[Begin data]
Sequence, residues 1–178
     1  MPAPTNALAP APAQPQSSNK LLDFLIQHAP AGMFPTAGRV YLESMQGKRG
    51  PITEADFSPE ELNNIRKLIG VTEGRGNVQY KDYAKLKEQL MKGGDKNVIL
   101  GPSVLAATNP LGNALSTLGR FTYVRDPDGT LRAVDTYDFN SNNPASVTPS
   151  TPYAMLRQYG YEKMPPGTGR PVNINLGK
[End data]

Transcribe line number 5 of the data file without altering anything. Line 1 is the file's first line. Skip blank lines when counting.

   151  TPYAMLRQYG YEKMPPGTGR PVNINLGK